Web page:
Cases of osteoarthritis are quite common, with the condition having the potential to reduce the quality of life for the sufferer. Knee osteoarthritis, for example, plays a key role in the degeneration of knee joints. Aside from joint age and usage, another key factor affecting joint health is obesity, with data from the U.S. Centers for Disease Control and Prevention (CDC) showing that 2 in 3 obese people suffer from knee osteoarthritis.
Lifestyle modifications and carrying out home improvements can help reduce the effects of knee osteoarthritis, with the main objective being to reduce pain while retaining full function of the knee, or maintaining as much function as possible.
Lifestyle modifications that can reduce the impact felt by the knee joints include weight loss and making changes to the way you exercise, for example cutting out any running or jumping activities and replacing them with cycling and swimming. Reducing any other activities that impact the knees, such as walking upstairs, and losing weight for those who are overweight, can also help the knees. If you experience pain or inflammation of the knee, resting that joint for a period of between 12-24 hours could already help alleviate those symptoms.
Being overweight or obese significantly increases the workload carried out by various joints, especially the hips and knees. Losing just a little weight can help ease this workload and go some way to alleviating joint pain. Nevertheless, any attempt at weight loss should be carried out properly to ensure the safety of the patient, by making lifestyle modifications with regard to daily diet and exercise regimes.
Exercise can help strengthen muscles while improving movement capabilities and flexibility. Exercise is also increasing the strength of muscles surrounding the joints. This is especially true with regard to the muscles surrounding the knee joint, which can improve the knee’s stability. Forms of exercise suitable for those patients with damaged knees include walking, cycling, aquatic walking and swimming. Exercise can also help reduce joint pain. If, however, that pain occurs or worsens during exercise, the exercise regime may be too strenuous. In such cases, doctors and physical therapists should be consulted for appropriate advice and assistance on which forms of exercise are most suited to each individual.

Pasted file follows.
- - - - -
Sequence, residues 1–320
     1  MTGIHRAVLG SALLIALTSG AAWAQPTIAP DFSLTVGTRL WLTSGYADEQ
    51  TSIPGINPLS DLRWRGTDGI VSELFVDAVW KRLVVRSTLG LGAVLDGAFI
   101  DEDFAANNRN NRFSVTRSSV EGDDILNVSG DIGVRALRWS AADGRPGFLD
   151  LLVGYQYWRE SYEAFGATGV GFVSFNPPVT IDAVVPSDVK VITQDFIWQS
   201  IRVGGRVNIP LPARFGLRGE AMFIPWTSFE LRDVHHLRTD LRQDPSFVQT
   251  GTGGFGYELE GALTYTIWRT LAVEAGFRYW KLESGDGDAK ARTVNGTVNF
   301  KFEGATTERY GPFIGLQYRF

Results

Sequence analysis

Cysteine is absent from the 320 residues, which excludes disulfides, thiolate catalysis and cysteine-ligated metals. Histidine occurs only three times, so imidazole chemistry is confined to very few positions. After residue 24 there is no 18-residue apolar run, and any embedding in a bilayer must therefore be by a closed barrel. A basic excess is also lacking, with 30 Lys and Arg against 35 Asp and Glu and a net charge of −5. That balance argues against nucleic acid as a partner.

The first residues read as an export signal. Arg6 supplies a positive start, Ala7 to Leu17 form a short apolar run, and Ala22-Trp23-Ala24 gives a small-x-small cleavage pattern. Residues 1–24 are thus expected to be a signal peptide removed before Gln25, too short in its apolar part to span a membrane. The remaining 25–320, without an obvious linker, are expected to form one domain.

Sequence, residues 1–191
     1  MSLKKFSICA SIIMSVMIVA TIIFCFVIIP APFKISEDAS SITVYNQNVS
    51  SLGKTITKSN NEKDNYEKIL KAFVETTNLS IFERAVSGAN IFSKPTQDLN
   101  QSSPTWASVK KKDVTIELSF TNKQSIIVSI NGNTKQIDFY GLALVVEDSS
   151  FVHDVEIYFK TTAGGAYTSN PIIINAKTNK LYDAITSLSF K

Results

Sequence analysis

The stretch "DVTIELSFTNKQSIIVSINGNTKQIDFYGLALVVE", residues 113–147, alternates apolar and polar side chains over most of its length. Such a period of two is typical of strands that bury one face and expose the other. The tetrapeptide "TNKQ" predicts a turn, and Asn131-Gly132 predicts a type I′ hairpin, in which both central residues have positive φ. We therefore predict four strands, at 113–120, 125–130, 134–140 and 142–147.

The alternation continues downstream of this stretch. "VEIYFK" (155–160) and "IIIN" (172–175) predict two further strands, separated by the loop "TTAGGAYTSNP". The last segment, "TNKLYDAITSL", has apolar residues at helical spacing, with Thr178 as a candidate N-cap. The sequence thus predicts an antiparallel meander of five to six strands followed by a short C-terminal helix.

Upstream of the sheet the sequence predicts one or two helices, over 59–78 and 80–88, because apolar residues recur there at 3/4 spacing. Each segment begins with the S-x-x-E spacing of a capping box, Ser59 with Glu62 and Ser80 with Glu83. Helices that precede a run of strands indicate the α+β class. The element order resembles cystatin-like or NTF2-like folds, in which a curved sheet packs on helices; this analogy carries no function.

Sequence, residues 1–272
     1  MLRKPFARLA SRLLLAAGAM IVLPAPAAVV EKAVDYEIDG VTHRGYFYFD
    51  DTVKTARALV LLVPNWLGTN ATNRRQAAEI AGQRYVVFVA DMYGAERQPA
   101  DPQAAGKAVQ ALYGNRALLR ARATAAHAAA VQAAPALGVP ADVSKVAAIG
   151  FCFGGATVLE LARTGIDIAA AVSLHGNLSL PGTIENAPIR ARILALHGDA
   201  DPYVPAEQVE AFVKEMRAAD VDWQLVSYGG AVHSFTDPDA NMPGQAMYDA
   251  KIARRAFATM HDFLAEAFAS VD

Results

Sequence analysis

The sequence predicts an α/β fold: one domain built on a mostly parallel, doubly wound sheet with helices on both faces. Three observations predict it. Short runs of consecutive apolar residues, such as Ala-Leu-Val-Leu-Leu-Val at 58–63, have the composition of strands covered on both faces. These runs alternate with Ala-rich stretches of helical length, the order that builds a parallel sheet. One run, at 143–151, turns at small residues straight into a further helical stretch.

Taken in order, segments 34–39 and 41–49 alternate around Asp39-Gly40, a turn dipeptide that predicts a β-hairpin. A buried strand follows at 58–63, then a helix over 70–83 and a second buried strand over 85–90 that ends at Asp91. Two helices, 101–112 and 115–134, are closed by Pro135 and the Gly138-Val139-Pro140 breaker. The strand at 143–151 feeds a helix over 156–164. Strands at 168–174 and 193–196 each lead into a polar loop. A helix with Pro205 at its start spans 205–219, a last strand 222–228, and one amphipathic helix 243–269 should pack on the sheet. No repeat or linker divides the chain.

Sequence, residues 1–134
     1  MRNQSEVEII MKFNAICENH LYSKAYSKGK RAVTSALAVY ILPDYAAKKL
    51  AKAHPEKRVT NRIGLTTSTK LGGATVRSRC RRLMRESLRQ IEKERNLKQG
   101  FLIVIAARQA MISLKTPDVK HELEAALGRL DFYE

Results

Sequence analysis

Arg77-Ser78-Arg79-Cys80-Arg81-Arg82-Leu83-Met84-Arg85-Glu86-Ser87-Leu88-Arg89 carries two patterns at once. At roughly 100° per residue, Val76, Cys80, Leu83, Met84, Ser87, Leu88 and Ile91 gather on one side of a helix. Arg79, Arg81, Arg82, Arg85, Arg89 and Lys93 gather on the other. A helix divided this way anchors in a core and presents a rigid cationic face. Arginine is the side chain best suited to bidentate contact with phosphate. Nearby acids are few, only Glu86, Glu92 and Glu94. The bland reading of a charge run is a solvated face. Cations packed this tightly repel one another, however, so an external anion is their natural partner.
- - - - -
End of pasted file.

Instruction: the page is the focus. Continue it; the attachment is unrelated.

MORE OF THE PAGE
The use of assistive devices to help patients with damaged knees when walking can make the act of walking easier by reducing the workload and impact on the knee and hip joints. Examples of such devices include walking sticks, specialized footwear and knee supports. These can all help in different ways, but should only be used under the guidance and supervision of medical professionals. Walking sticks, for instance, should not be held on the side opposite to the leg in pain. Additionally, the type of walking stick utilized may differ from patient to patient, and while knee supports can offer effective relief for knee joint pain, they shouldn’t be used continuously for extended periods of time.
Relieving joint pain through the use of heat or cold on the affected area is a simple process that can be carried out at home.
Heat alleviates pain by reducing friction within the joint itself, while cold eases pain due to the way in which it reduces muscle tension and inflammation. Using creams and gels can offer temporary pain relief from knee joint damage. Some of these products cause numbness – through heat or cold – that replaces the aching sensation. Also, some creams contain ingredients found in medication, such as anti-inflammatories that can be absorbed through the skin. They can be especially effective in the treatment of joints that are close to the skin’s surface, such as knee and finger joints.
Medical Doctor, Faculty of Medicine, King Chulalongkorn memorial Hospital, Chulalongkorn University,